That was too much.  All of it.  People still don’t believe it.  It hasn’t even started yet.

It’s the great new uncertainty.  Sad.  Pale-coloured urine you can barely squeeze out.

You wonder why this happened to you.  And what’s going to happen.  It’s a big family.  Are they all like that?

Come on down you’re gonna luv it.

You're Gonna Luvit
You’re Gonna Luv It

Might as well start early.  Start early and end early. That’s what I say.   Let us rejoice.  It’s not over yet.  As Nietzsche observed: One’s own struggle will go on.  Nietzsche lost his mind.  It was too bad.  It was a beautiful mind.  He died in 1900.  What a cool year to die in.  Easy to remember.

But if you get nothing out of reading this there’s one thing you’ve got to  remember: “Thus Spoke Zarathustra” is the boring-est book you’ll ever come across.

I read “Thus Spoke Zarathustra” one summer while lolling around several afternoons on a clothing-optional beach.  A nude beach.  Or beach where people with no clothes are, weather depending.  “Wreck Beach”.  Because everybody was wrecked.  Or maybe it was just me.  Doubt it.  Sunshine Supermen and women, boys and girls frisbee-ing in the surf, butt naked.

Maybe it was the translation, but the book was a “Penguin Classic” paperback with a florid image of Nietzsche’s head sporting that horrible moustache.  “Also Spoke Zarathustra” brought out the masochist in me and I forced myself to read all of it, with pleasure.

Remember what I said.  Awful.  Don’t let this happen to you.

Which reminds me.  We’ve often said, how could this have happened?  Like that time when I said, “Lene Lovich probably isn’t her real name.” And you said, “Really?”

I’ve never forgot that.  I’m serious.

I'm Serious
I’m Serious

So now we understand what’s going on here. The fight gets intense-er.  It’s the new normal.  Same as the old normal.  Those days when you worked for that organization?  Forget it.  Never coming back meaning time to act now.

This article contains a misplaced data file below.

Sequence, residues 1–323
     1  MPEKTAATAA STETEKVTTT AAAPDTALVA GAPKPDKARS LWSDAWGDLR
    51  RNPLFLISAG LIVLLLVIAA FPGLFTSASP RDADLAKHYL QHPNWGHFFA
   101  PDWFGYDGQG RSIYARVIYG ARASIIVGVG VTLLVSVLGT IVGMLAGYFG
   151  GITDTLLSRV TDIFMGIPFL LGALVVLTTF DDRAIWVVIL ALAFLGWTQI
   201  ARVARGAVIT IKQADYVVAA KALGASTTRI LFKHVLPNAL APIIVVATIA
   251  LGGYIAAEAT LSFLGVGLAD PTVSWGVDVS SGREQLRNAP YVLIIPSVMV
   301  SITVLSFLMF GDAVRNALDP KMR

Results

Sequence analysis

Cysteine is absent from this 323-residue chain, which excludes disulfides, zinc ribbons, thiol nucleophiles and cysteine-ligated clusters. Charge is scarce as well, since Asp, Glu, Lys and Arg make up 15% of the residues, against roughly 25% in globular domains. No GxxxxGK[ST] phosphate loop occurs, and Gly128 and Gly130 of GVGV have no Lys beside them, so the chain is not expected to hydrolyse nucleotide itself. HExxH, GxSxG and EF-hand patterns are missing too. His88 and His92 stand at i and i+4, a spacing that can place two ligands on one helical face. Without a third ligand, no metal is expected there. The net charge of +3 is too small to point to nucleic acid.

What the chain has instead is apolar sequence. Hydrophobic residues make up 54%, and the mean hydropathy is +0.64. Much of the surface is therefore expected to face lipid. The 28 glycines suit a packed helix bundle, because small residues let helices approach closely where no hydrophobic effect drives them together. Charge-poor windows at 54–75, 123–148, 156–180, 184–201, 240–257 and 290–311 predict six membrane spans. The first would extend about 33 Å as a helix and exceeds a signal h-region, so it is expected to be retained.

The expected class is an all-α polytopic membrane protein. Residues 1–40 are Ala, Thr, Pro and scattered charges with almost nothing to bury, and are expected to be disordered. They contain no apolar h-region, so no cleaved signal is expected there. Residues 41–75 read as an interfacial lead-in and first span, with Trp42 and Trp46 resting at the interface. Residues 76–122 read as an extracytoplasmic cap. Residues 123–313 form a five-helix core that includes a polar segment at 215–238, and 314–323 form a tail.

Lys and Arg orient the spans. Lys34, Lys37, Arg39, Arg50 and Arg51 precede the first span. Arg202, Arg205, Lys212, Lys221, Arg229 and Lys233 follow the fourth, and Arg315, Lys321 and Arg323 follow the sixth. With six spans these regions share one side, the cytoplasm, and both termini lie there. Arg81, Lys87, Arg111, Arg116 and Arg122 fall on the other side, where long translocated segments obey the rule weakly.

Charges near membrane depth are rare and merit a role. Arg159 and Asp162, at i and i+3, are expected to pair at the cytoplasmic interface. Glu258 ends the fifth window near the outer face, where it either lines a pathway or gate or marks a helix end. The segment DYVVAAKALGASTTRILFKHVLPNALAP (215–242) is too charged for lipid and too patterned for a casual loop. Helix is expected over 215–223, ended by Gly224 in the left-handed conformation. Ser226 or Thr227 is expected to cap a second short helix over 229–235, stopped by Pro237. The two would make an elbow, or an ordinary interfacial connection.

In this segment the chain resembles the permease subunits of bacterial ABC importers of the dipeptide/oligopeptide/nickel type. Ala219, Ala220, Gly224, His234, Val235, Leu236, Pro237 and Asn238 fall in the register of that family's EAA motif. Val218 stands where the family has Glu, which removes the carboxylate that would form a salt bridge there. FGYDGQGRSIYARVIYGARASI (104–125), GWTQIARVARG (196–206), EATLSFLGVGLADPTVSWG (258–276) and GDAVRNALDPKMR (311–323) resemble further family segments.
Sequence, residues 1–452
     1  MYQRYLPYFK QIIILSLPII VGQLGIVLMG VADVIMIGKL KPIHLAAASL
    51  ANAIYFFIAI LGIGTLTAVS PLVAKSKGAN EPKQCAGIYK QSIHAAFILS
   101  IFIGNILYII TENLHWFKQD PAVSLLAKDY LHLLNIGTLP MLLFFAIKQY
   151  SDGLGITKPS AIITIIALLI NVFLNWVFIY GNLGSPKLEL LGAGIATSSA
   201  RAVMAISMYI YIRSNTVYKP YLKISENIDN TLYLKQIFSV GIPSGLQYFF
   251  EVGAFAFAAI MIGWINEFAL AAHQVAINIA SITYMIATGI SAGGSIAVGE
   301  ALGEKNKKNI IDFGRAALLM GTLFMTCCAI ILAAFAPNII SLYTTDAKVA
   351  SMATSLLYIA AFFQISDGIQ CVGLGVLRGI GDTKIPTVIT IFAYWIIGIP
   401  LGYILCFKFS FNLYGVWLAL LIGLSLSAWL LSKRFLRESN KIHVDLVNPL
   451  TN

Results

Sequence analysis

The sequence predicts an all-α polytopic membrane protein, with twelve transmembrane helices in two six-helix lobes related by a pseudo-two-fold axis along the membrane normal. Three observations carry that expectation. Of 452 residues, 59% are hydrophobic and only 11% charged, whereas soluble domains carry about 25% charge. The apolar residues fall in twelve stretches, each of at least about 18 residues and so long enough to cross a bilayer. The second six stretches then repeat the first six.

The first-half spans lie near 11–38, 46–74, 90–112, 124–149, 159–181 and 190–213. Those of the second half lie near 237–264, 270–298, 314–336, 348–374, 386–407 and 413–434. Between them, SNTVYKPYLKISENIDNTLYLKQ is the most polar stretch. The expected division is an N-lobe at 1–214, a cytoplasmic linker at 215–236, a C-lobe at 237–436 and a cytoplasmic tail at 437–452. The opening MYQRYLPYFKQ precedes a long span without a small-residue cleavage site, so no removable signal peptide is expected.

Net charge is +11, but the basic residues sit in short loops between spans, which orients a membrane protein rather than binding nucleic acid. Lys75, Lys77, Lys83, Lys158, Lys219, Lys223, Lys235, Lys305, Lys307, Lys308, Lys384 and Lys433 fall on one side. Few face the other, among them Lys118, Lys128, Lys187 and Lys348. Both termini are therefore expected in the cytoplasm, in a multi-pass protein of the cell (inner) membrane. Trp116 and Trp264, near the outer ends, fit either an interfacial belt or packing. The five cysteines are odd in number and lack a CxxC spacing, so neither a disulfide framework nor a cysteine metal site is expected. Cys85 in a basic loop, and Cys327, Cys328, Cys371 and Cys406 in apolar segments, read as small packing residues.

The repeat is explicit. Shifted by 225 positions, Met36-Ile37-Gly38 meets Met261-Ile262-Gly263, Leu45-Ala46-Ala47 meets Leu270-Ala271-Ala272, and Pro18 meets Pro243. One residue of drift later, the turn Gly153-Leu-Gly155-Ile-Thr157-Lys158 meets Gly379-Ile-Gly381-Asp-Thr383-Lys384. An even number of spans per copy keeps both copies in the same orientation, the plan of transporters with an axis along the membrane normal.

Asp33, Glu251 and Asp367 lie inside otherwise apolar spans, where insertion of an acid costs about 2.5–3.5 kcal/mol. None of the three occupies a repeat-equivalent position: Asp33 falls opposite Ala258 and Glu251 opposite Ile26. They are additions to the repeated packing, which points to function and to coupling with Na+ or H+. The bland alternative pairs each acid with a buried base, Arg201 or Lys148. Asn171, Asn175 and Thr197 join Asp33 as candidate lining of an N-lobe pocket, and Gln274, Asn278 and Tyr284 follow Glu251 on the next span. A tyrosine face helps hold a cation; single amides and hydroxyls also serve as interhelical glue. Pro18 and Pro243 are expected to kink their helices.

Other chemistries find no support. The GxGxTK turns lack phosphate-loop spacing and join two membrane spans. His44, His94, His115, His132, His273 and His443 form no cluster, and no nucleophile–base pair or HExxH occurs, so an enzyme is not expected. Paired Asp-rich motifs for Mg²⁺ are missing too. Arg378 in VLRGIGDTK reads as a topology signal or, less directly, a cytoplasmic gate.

The future’s what we need to think about and tomorrow may be too late.  Let’s get on with it.  You first.

No, I’m kidding.  Kidding kidding kidding.  Get out your talismans.  Your ya-ya’s.  Your amulets and prayer beads and complete, 200 piece Jello™ airplane wheel set from the 60s with images of vintage aircraft complete with rack like a poker chip rack because we’re gonna be wishing and hoping and praying everything’s going to be all right and this is just filler.  It’s a place to get somewhere else.

These people are actually pretty funny in many unintentional ways.  It’s a game of chance anyway.  Everything.  They didn’t start it.  They won’t finish it.

I was down on Wreck Beach the afternoon I finished Nietzsche and I was with one of the most beautiful girls.  She was built, as we used to say and maybe still do.  I felt lucky.  Fortunately, we were just there as friends.  Or unfortunately.  But it was just one of those afternoons and I had a car.  You couldn’t drive to the beach but you could drive to the top of the trail down to it.  I knew this person.

We’re lying together, side by side.  Casual.  I was good at faking along as casual.  It was a time in my life when I didn’t have a lot else to do.  This nude guy comes along, a little older than me, and hunkers down in front of us.  “Nietzsche, eh?” he says.  Everybody talked like that in those days.  Eh?  Eh?  He was talking about Nietzsche but he was staring straight at my friend lying there on her back.  And I don’t think things have changed much.




Author: Steven Brown


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